Meet the Malmsten boys.
Karen Jackson has, and the Tekamah woman invites the public to do likewise this summer at the Burt County Museum.
“How Burt County Played a Role in the Development and Expansion of the JCPenney Company” opened in June and will be in place at the Tekamah museum through Sept. 14.
The Malmsten brothers are Carl, Roland and Victor, all born in Burt County, and Roy, who was born in Gothenburg, Nebraska.
The men became partners with James Cash Penney in the early 20th century when the Missouri native was building one of the nation’s most successful department store chains.
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Jackson, who worked for the Penney company for more than 22 years, including many as a visual merchandiser, had once built a display dedicated to a Tekamah store that closed nearly 30 years ago. Museum curator Bonnie Newell asked Jackson if she’d be willing to recreate it.
At about the same time, JCPenney announced it would be closing its Fremont store, which had been in business since 1920, nine years before the Tekamah location opened.
While going through a box of old photos and memorabilia in Fremont, Jackson found a vintage photograph taken near Gothenburg of four men in front of a sod house. During the years she worked at the Fremont store, she had compiled several retirement scrapbooks for fellow employees, but had never seen that particular picture.
“It really caught my interest because it looked like it didn’t belong,” she said. “I set it aside for three months, but it really bugged me.”
An avid genealogist, she started researching the name on the photo.
Her research opened the door to a new aspect of the company’s history.
“Those men all had connections to Burt County, and I thought they should be included,” she said. “I approached Bonnie and told her the display was going to take more than a room.”
A lot more, it turns out.
The display takes up nearly all of the two main houses on the museum campus.
While doing her research over the next several months, Jackson said she came to know the four boys through their writings.
The history is rich, Jackson said. The letters they wrote, some to Mr. Penney personally, describe what it was like opening a store in the West, many in mining towns, in the early 1900s.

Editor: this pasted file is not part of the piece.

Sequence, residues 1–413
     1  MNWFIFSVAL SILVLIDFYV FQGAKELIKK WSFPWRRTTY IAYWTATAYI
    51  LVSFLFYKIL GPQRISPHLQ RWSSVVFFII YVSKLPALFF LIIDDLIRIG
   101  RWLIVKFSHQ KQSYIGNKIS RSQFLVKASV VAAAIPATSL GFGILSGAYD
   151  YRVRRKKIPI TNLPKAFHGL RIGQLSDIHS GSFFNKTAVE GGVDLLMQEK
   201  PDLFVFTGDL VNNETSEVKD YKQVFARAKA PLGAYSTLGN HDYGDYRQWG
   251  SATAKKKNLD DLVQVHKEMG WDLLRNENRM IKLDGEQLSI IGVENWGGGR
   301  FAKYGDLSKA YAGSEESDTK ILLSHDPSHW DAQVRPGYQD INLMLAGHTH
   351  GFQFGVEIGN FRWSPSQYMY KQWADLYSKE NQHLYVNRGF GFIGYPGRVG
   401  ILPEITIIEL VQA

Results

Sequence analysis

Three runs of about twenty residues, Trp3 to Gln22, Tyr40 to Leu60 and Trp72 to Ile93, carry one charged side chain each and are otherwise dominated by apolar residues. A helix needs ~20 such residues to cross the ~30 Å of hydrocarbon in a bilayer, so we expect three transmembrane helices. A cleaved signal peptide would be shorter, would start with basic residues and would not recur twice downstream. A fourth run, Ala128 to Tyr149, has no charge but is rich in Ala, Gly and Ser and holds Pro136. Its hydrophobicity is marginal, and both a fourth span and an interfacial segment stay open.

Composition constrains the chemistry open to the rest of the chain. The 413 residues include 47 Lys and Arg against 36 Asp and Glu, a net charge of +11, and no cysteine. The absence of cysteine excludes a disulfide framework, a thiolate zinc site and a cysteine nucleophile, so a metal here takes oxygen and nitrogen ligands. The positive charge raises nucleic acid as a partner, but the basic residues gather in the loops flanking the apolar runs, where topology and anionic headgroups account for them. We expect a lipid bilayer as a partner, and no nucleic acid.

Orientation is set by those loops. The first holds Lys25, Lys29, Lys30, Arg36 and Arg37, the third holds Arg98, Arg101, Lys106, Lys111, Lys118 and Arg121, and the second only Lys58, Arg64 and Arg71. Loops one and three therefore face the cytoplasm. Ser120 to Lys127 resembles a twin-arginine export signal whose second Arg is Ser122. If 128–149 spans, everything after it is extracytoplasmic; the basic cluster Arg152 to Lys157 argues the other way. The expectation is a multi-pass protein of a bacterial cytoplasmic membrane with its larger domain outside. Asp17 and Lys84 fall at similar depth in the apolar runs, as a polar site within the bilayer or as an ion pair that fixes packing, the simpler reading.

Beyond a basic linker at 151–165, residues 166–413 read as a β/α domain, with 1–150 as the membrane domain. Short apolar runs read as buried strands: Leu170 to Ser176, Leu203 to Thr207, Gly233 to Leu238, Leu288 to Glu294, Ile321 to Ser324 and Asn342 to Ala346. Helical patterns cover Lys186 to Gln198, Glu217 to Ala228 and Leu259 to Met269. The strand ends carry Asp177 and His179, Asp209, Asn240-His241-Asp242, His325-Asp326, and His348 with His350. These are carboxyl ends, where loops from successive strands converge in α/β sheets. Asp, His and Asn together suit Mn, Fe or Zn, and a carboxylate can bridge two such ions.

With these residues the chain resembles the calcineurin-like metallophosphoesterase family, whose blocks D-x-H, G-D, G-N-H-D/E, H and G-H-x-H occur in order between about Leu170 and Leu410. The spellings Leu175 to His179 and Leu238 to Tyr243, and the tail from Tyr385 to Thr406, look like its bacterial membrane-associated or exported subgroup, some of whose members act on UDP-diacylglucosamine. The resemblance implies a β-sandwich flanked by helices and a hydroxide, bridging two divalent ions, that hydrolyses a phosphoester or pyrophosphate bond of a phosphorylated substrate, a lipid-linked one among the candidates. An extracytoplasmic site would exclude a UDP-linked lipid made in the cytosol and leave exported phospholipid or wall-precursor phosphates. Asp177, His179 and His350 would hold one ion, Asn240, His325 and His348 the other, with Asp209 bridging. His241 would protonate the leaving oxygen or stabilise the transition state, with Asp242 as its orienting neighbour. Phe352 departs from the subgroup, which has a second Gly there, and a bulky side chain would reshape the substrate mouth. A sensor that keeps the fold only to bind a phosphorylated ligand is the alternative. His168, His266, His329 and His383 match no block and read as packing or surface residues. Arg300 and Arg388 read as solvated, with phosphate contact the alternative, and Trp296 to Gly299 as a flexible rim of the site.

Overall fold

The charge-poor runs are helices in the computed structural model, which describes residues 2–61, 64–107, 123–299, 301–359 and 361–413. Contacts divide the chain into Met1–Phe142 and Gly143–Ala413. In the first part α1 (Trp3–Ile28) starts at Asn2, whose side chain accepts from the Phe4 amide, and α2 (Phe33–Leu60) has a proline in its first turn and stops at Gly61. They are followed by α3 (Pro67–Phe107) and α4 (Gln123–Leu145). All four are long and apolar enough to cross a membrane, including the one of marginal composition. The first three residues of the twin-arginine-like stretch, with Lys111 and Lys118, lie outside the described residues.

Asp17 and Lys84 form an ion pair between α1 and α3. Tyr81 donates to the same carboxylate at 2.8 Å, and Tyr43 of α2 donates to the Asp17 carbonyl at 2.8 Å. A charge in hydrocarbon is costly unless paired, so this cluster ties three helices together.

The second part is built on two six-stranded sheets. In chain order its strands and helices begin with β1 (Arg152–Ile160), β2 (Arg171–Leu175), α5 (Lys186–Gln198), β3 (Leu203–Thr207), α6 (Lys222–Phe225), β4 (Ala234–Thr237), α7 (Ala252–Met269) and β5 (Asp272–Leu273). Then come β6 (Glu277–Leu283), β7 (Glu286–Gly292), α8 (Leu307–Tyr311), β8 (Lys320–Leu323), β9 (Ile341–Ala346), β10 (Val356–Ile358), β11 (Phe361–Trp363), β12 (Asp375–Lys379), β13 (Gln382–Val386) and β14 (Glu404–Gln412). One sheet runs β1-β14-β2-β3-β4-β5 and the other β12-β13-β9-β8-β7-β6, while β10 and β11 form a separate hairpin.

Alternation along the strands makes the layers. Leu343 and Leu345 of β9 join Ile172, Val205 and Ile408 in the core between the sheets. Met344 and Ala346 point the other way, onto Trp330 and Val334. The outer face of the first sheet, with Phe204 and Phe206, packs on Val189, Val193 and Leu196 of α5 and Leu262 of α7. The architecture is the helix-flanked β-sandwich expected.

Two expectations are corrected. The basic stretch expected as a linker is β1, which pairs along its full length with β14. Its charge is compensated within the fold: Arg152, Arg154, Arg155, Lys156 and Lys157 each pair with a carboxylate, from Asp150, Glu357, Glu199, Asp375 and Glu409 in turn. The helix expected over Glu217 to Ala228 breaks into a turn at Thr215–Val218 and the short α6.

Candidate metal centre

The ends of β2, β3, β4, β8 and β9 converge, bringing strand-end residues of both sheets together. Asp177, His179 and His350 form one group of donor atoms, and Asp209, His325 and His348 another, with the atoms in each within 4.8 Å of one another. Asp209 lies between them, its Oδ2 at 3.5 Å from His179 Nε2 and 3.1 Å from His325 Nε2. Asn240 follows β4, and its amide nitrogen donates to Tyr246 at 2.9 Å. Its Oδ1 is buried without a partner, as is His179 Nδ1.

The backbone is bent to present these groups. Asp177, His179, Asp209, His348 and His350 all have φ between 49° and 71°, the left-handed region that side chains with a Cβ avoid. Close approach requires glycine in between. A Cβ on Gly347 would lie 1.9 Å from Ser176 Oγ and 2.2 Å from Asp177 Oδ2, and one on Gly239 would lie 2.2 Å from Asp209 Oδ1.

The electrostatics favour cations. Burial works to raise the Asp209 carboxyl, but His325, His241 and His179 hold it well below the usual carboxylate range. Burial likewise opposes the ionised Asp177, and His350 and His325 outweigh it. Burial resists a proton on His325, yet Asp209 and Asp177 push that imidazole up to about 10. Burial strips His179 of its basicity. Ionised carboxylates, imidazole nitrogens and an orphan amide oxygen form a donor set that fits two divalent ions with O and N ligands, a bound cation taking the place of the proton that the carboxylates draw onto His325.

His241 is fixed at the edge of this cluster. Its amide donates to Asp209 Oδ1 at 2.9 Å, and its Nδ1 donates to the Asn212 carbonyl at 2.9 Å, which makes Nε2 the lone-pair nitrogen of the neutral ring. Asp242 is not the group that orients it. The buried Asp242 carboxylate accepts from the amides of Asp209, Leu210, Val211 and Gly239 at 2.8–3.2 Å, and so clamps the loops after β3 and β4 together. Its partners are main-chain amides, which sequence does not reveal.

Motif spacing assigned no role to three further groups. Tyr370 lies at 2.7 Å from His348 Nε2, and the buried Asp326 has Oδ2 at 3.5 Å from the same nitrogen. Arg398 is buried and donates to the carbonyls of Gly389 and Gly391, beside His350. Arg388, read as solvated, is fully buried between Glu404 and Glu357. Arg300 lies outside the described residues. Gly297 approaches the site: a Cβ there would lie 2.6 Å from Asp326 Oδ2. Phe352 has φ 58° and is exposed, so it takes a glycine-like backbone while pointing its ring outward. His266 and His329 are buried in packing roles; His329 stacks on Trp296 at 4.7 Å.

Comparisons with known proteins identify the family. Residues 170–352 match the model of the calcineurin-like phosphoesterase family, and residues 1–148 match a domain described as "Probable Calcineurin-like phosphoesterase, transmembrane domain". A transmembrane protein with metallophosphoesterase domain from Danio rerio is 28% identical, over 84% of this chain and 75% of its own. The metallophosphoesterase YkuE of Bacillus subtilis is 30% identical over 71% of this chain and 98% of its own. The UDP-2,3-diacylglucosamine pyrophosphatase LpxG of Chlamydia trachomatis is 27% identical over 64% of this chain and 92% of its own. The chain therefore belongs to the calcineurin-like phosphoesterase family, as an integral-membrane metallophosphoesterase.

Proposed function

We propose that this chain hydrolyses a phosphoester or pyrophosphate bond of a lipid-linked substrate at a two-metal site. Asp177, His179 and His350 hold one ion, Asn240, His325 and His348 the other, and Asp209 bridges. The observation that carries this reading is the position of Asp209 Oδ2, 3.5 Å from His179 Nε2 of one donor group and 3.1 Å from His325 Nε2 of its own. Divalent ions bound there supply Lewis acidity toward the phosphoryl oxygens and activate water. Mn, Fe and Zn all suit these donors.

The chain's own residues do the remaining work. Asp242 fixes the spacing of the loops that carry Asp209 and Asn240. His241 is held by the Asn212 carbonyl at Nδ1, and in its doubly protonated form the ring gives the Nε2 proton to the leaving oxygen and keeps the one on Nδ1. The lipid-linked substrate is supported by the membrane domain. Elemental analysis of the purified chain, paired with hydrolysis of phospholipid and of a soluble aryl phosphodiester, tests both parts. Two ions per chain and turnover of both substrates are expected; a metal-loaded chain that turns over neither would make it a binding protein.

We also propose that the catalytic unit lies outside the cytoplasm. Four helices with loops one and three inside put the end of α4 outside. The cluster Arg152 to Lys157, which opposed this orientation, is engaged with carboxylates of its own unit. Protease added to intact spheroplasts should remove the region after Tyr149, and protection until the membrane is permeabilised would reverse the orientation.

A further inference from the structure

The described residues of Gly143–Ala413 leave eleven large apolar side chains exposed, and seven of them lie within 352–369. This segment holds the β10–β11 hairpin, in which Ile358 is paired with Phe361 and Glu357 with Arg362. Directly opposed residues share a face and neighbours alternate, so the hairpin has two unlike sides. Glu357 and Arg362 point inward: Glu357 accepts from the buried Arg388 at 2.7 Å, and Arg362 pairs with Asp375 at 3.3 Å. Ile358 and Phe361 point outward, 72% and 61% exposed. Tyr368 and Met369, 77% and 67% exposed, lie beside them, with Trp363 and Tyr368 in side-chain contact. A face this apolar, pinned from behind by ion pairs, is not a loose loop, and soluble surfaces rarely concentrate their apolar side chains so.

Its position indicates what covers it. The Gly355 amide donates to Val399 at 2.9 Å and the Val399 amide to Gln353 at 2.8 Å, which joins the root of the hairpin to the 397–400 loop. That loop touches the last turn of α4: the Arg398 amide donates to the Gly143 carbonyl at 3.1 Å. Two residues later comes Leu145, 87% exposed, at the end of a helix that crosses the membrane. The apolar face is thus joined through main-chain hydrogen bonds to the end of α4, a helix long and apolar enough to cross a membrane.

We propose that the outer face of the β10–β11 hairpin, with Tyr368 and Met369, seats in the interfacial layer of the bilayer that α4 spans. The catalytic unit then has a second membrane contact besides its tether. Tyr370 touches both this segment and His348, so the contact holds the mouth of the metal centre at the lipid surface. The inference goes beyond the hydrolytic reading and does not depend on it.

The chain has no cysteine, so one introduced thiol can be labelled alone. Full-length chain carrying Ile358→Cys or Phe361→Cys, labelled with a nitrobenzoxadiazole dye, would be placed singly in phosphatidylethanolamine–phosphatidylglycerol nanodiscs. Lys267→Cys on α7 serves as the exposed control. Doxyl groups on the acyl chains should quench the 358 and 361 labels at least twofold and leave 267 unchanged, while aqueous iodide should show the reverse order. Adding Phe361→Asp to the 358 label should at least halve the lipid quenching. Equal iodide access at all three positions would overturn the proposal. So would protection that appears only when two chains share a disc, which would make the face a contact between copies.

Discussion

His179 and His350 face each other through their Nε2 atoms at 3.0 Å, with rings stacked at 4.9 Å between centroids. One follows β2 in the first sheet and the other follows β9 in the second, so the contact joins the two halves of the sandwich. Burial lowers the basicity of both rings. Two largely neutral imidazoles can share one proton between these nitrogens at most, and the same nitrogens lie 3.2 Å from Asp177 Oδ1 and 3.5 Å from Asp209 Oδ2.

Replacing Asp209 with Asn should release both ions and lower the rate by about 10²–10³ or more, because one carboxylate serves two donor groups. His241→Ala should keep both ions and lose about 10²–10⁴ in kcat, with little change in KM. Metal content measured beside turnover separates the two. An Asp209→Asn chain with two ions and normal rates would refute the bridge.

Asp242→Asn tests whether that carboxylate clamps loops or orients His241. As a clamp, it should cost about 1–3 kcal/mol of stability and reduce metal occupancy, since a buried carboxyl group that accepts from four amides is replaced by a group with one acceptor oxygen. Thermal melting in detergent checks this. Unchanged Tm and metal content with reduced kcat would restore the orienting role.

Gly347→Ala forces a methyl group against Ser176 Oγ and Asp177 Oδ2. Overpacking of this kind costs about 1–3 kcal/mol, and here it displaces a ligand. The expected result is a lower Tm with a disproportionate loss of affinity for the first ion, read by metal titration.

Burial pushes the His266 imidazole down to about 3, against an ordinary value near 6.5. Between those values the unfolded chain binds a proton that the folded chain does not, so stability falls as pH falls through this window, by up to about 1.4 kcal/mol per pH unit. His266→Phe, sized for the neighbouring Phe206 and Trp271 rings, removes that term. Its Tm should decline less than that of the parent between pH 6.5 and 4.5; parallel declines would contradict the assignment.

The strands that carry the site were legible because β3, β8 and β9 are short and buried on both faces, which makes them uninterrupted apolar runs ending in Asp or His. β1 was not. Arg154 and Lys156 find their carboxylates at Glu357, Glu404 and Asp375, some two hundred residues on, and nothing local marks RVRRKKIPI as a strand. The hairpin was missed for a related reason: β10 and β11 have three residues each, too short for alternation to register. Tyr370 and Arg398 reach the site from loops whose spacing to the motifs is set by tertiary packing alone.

“It’s history as it was happening,” she said. “It was a new lifestyle. All they knew was they were working hard and building others, but maybe they didn’t realize what the company would become.”
The Penney business model in the early days was to open a store, then use the profits from that store to open another. They’d work with Penney, the store manager and another investor as partners in the new store. Eventually, Penney became known as “The Man With a Thousand Partners.”
“Penney didn’t hire just clerks,” Jackson said. “He hired men with career potential. Men who could lead others.”
The four brothers came from humble beginnings. Their father, Lars Malmsten, was a Swedish immigrant who came to America in 1869. He soon went into the dry goods business with another Swedish immigrant, Andrew Morell, opening one of the first businesses in Oakland, Nebraska.
Lars later became involved in politics and became Burt County Clerk in 1886.
Although all four brothers profited handsomely through their association with Penney, Carl was perhaps the most successful.
Born in 1877 in Oakland, he worked at the “Mother Store,” in Kemmerer, Wyoming, before managing stores in Utah and making his way back east. As a partner in multiple stores, Carl became a millionaire. One of his partnerships led to the Fremont store opening. It operated in two downtown locations before moving to a Fremont mall in 1966.
Penney, born and raised in Hamilton, Missouri, had interest in agriculture and raised champion polled Herefords at his ranch in Florida.
Carl also had ag interests. He moved to the Fremont area in 1932 and bought a farm north of the city where he raised champion purebred hogs. Massive brick barns he had built still stand on the farm along Highway 77.
Living out the rest of his life in Nebraska — he died at age 80 in Lincoln in 1958 — Carl also became one of the area’s leading philanthropists. He donated considerable sums to what was then known as Midland Lutheran College and to the Fremont YMCA.
All four Malmsten brothers lived to be at least 80 years old. Carl, who died at age 80 in 1958, is buried in Lincoln. His brothers are buried in Colorado, Nevada and Utah.
In addition to the Malmstens, Jackson’s display will showcase the growth of the Penney company through her own personal memorabilia and news clippings. She has been in contact with sources at the Penney museum in the founder’s hometown as well as the company’s headquarters in Plano, Texas, the museum at the Wyoming store and with Joan Gosnell, the curator of Penney’s personal collections at the DeGolyer Library at Southern Methodist University.
In the meantime, Jackson’s research continues.
“I’m still finding stuff,” she said.
Like many who became steeped in the company’s culture, Jackson said her life of customer service was learned through JCPenney.
“James Cash Penney was a Godly man and his morals really showed through in the his business practices,” she said. “He was all about people and that’s what this display is about — people.”
Mark Jackson is editor of the Burt County Plaindealer